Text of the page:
El Paso Court of Appeals holds limitations defense in Whistleblower Act case could not be raised in a plea to the jurisdiction

Sims v. City of Madisonville, 08-15-00113-CV, 2018 WL 4659572, at *1 (Tex. App.—El Paso Sept. 28, 2018, no pet. h.)

This case involves a Whistleblower Act claim against the City of Madisonville where the El Paso Court of Appeals reversed the granting of the City’s plea to the jurisdiction.

Sims was a police officer with the Madisonville Police Department from November 2004 until he was terminated on July 27, 2012. Sometime prior to termination Sims reported to Madisonville Chief of Police Charles May that he had learned Sims’ supervising officer, Sergeant Jeff Covington, and another officer were conspiring to plant narcotics in the vehicle of Sgt. Covington’s ex-wife. (Covington was in the middle of a custody battle with the ex-wife at the time.) Chief May did not utilize that information. Sims met with Chief May and Covington one day before his termination. Before the meeting, Sims accessed computer files through his own computer and discovered evidence against Covington. Sims claimed Chief May was surprised by Sims’ remote access of the computer files and concluded that Sims had violated the Department’s computer-use policies. Sims was terminated. Chief May asked the Texas Rangers to investigate Sims’ conduct. In August 2012, a grand jury indicted Sims for breaching computer security under the penal code, but the charge was later dismissed.  Sims challenged his F-5 “dishonorable discharge” designation at the State Office of Administrative Hearings ( “SOAH”). The SOAH hearing examiner found in favor of Sims, citing that the elements for a dishonorable discharge had not been met. Sims then filed suit under the Texas Whistleblower’s Act, 90 days after the SOAH hearing. Madisonville asserted that Sims’ two-year wait in filing his suit made it untimely. The trial court granted the plea to the jurisdiction and Sims appealed.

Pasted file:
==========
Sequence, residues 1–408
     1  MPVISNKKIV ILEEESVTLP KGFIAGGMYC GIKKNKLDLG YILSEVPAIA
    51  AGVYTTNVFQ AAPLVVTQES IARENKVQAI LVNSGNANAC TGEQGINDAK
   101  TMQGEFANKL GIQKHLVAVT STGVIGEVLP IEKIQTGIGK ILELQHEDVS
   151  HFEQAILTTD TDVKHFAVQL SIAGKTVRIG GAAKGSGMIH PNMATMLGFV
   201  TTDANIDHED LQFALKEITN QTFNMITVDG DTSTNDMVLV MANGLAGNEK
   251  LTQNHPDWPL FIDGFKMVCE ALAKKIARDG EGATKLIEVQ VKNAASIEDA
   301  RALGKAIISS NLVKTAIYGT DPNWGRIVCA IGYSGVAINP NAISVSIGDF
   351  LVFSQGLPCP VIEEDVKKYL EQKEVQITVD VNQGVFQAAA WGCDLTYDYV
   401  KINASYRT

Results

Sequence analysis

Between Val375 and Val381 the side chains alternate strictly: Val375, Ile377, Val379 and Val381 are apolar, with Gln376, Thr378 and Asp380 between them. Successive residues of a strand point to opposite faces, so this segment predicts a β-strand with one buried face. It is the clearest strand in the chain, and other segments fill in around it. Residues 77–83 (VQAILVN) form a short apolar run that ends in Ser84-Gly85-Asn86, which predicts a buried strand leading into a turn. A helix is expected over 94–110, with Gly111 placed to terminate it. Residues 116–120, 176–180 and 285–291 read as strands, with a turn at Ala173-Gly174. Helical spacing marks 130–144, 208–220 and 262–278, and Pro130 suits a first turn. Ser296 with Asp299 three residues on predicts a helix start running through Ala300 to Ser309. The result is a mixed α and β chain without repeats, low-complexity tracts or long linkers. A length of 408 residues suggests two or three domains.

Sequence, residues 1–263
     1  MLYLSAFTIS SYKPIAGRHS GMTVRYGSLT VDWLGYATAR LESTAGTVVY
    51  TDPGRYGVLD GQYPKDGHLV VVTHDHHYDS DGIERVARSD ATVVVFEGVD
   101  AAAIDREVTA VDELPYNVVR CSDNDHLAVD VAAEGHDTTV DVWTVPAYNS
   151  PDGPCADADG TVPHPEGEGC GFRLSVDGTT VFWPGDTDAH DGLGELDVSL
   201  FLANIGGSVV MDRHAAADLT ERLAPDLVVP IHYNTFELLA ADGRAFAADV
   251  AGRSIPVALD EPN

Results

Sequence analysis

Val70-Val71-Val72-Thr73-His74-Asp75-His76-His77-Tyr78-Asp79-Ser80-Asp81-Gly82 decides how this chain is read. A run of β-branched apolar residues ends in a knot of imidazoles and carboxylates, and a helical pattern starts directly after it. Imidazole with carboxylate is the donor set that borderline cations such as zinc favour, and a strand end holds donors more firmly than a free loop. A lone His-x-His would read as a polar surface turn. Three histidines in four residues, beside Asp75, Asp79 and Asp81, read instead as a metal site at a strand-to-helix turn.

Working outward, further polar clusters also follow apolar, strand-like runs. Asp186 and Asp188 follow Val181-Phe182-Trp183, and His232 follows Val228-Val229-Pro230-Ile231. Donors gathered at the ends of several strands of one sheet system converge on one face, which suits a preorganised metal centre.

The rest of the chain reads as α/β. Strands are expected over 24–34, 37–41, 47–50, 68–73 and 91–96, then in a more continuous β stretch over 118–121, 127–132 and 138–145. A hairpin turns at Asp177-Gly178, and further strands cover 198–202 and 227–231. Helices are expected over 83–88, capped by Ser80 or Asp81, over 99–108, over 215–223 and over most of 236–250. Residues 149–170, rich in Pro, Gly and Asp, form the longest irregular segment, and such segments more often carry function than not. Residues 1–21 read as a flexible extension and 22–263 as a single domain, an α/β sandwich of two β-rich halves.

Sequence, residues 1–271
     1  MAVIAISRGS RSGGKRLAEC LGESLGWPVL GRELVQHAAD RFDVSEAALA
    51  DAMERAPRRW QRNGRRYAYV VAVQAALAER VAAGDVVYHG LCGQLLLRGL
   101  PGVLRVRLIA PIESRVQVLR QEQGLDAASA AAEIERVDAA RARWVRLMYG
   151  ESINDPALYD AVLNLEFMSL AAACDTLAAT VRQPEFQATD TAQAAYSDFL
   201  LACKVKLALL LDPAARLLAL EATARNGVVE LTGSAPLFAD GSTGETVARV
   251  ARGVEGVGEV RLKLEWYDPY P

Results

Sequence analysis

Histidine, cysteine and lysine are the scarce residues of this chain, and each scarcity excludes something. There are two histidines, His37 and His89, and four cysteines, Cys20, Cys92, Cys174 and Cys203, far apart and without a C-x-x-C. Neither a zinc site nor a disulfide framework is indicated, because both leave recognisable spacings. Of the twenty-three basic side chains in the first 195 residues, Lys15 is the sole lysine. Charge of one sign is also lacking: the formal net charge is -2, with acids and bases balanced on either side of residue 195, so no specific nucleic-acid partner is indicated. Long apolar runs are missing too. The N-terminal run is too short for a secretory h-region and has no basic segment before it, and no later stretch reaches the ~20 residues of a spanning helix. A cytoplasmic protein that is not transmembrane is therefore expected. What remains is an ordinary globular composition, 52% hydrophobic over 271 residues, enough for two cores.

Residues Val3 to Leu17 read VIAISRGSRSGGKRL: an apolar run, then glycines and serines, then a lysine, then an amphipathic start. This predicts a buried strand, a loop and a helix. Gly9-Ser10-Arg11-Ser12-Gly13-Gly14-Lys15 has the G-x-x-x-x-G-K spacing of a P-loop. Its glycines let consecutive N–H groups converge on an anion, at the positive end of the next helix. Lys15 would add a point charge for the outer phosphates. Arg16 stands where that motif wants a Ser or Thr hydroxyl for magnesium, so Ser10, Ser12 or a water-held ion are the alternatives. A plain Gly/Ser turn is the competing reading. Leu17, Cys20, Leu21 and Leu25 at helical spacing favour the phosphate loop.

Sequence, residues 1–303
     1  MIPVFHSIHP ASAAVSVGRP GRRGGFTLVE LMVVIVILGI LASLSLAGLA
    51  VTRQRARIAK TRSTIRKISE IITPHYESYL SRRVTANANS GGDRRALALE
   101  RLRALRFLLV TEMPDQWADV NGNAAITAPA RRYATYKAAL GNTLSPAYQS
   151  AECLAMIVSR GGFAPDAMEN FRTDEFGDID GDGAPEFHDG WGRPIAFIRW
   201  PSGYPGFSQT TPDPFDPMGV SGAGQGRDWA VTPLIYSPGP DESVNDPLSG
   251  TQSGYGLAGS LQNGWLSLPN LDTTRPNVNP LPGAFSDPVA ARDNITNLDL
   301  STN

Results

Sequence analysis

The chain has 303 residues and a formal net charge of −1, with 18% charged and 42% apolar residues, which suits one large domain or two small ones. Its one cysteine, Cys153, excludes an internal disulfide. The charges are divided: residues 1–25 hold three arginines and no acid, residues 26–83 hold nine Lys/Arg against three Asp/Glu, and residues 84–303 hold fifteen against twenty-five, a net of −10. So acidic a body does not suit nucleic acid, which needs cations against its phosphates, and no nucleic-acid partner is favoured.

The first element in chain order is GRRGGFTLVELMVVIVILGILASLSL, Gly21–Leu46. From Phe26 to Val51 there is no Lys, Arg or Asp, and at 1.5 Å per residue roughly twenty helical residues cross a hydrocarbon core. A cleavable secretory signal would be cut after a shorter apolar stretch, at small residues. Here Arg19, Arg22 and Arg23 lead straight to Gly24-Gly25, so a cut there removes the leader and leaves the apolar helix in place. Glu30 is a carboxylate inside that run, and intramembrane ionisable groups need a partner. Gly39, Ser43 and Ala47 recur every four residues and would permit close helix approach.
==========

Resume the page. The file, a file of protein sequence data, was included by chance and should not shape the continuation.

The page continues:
Sims asserted that “non-compliance with the Whistleblower Act’s limitations provisions is not jurisdictional, and that an affirmative defense of limitations cannot be raised in a plea to the jurisdiction but must be proven in summary judgment proceedings.” The court agreed. Madisonville’s plea did not address any specific jurisdictional facts of Sims’ case regarding waiver of sovereign immunity.  It merely asserted the claims were untimely and argued limitations was jurisdictional. The court recognized that under certain statutes, a limitations bar could be jurisdictional, especially if the timing were indispensable to a jurisdictional question. However, that is not the contention raised or presented to the trial court by Madisonville. The court held the statute of limitations defense can be raised as an affirmative defense but not in a plea to the jurisdiction in this case.  The order granting the plea was reversed and remanded.

If you would like to read this opinion, click here. Panel consists of Justice McClure, Justice Rodriguez and Justice Hughes. Opinion by McClure. The docket page with attorney information can be found here.